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Reaching the milestones in growing your village grants you points for unlocking different branches inside the tech tree. Since those points are scarce, you’ll be motivated to specialize the economy. If you pick orchard, for example, you’ll need to wait for the next ding for basic armorsmithing. The stuff you lack will need importing, which you’ll need to counter-balance with exports because your merchants have major pricing disadvantages for some reason. The ratio will get better once you start manufacturing and selling complex stuff such as shoes, cloaks, or weapons.

So, you made the functional village, stockpiled some weapons, and repelled the initial bandit assault. What’s next, you ask? You can repeat the process on the nearest unclaimed territory, starting a fresh village from scratch. Or you can lay claim to the lands of your feudal competitor and start pounding the drums of war. Leading the troops in the field is still in the early phase, so expect a ton of bugs and weird behavior, from both your lads and foes. The tactical module is very similar to Total War games, but Manor Lords needs much more work for that comparison to stop being mostly theoretical.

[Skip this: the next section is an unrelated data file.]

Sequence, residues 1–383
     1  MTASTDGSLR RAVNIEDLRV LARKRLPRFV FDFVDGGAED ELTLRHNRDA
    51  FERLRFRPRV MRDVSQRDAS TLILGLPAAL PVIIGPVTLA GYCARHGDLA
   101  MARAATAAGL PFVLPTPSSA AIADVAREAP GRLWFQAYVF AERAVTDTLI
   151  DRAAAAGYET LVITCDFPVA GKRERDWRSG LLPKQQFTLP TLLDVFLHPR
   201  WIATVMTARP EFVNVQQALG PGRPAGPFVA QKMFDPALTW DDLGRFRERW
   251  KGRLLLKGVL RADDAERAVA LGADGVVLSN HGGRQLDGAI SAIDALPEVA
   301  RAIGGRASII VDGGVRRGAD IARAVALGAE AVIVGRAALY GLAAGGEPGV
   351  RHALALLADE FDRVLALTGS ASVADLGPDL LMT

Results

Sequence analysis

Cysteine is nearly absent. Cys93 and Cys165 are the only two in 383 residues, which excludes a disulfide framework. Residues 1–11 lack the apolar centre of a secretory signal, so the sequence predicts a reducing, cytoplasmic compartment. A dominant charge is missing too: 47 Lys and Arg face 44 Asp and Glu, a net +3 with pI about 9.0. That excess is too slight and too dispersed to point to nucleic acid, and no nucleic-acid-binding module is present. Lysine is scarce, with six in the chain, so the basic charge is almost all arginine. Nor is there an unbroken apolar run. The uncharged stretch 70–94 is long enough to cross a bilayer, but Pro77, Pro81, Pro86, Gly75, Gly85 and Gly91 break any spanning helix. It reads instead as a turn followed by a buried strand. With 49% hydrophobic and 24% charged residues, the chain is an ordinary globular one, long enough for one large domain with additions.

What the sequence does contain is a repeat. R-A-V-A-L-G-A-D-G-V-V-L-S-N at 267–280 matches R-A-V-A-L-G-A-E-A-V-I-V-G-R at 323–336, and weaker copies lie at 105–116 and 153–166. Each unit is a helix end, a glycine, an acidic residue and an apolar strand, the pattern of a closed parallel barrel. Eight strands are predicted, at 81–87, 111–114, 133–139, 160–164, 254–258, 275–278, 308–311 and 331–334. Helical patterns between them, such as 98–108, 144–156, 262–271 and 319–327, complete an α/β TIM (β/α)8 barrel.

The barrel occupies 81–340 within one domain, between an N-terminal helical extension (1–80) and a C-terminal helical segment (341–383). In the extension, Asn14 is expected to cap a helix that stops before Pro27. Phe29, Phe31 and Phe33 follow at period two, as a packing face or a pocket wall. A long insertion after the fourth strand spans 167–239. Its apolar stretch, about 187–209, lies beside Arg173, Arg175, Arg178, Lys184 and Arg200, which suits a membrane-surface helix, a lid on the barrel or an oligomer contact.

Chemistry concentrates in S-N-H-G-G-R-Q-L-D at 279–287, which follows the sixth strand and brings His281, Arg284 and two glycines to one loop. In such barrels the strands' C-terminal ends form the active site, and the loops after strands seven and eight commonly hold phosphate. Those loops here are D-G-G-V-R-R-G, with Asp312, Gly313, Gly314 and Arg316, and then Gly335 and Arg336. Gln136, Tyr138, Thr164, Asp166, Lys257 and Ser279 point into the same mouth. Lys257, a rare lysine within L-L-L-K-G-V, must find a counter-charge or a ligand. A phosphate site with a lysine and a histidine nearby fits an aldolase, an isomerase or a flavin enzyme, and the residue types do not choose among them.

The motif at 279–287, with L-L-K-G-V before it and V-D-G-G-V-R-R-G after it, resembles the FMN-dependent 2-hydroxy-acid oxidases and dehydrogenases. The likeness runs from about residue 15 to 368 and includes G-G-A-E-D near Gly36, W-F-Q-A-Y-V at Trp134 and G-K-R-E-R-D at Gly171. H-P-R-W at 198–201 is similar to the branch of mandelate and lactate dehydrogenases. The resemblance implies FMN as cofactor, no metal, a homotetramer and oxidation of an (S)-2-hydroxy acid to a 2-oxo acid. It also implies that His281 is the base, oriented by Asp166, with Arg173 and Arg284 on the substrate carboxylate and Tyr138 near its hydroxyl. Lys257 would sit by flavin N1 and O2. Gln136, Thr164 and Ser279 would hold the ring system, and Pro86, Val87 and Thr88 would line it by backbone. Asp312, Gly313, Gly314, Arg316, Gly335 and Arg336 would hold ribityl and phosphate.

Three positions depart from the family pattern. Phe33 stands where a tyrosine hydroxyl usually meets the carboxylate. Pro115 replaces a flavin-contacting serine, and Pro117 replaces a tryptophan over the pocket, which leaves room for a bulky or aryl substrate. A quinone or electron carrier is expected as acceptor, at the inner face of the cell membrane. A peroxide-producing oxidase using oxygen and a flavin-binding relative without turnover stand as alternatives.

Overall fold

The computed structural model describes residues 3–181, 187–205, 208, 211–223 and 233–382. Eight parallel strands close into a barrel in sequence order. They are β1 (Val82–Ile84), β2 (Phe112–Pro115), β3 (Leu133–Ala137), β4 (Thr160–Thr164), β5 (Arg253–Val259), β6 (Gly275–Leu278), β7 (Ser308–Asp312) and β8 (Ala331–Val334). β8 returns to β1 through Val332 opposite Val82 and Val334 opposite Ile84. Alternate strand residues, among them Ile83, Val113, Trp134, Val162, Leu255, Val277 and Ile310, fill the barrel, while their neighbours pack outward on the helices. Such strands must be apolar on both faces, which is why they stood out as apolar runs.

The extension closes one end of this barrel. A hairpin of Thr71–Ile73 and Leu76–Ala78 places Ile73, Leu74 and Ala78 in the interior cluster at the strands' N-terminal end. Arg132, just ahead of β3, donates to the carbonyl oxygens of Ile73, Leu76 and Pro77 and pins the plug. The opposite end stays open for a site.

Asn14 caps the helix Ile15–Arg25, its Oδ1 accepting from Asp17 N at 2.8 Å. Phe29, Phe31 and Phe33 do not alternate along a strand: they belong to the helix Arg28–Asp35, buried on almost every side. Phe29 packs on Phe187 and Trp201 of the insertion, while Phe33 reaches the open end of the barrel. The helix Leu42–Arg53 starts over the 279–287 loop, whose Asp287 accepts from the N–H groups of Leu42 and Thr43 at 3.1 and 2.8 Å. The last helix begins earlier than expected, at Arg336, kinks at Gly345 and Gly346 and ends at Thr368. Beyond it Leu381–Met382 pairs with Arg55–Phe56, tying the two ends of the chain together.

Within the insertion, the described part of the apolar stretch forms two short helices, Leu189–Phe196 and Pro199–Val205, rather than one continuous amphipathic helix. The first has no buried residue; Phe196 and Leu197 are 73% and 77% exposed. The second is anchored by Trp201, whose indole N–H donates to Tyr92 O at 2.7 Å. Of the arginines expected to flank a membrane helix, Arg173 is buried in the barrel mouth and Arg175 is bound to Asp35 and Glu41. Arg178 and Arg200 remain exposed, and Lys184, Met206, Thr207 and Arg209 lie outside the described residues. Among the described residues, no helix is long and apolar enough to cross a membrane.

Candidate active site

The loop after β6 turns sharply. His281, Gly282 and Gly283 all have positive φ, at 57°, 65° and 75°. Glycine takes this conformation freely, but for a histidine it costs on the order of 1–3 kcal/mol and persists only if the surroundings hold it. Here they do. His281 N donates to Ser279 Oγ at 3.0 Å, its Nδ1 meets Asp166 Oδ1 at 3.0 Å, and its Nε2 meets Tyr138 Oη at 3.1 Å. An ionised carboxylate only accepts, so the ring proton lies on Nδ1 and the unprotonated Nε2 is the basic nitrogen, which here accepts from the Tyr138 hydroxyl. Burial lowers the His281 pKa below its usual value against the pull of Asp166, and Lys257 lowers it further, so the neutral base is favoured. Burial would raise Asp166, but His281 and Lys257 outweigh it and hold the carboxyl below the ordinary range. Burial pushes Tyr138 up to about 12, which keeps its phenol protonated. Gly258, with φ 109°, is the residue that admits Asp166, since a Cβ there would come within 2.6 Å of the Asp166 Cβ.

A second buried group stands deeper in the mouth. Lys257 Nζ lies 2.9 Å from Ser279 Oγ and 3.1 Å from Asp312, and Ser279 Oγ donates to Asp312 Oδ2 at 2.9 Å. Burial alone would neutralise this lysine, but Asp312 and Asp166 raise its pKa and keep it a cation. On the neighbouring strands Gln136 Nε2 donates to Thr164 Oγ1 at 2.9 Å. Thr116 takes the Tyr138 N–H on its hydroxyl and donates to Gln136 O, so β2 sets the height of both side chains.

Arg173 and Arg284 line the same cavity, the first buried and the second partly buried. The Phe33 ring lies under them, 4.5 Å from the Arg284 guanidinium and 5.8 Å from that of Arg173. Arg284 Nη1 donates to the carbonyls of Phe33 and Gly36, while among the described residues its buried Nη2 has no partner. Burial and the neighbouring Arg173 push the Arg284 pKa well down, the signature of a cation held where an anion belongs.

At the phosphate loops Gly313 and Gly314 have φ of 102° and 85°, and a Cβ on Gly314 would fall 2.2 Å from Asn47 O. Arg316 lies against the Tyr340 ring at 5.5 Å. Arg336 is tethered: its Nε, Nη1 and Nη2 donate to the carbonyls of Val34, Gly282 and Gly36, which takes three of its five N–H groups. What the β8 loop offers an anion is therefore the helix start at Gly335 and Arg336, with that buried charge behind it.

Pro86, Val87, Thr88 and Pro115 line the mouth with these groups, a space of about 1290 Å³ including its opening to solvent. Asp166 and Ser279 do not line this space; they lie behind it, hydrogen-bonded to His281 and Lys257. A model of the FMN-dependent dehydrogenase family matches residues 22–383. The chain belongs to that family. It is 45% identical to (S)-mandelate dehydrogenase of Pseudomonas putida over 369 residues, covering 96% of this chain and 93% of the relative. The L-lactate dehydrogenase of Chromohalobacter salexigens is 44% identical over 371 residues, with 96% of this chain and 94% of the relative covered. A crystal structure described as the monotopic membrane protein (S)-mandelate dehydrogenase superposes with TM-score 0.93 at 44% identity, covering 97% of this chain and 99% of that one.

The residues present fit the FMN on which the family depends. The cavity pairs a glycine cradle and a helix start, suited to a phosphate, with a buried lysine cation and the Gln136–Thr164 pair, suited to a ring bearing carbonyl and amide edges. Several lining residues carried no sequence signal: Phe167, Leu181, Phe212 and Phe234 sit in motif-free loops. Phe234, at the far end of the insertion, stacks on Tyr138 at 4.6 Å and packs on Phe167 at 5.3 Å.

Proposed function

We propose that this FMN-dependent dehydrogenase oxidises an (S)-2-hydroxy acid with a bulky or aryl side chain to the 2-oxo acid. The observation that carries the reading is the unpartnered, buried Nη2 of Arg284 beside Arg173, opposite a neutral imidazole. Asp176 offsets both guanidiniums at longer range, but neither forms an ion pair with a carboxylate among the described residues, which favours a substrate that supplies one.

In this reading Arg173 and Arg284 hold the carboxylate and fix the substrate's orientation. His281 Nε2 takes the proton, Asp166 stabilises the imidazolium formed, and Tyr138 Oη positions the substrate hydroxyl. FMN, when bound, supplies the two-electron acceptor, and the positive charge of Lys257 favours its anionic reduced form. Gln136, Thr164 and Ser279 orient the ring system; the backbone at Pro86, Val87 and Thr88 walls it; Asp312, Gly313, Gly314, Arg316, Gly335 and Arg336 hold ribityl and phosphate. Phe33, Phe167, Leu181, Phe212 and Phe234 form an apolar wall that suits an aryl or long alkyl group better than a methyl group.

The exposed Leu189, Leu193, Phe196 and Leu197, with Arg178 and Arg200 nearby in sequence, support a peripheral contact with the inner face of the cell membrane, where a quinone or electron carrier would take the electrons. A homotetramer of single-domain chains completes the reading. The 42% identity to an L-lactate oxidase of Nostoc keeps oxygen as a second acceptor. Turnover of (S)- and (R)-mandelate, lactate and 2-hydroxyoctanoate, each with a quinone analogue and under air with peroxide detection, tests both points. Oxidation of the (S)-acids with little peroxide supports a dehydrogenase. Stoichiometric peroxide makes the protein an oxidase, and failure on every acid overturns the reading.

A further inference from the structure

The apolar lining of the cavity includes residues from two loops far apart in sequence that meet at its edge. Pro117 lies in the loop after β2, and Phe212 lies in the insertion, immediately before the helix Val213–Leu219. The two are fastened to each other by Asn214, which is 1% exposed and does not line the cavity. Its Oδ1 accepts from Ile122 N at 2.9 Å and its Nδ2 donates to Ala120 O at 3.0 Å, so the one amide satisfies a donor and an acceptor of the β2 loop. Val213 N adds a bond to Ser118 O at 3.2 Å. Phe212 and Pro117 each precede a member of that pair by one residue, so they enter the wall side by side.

The same goes for diplomacy and other advanced stuff, such as your feudal manor. Your lordly abode is a modular complex, consisting of a “castle” inside a walled compound, surrounded by watchtowers. Currently, it’s placeholdery as hell, since you have access only to the very few, initial building options.

Rocky road to the final form

Manor Lords Preview troops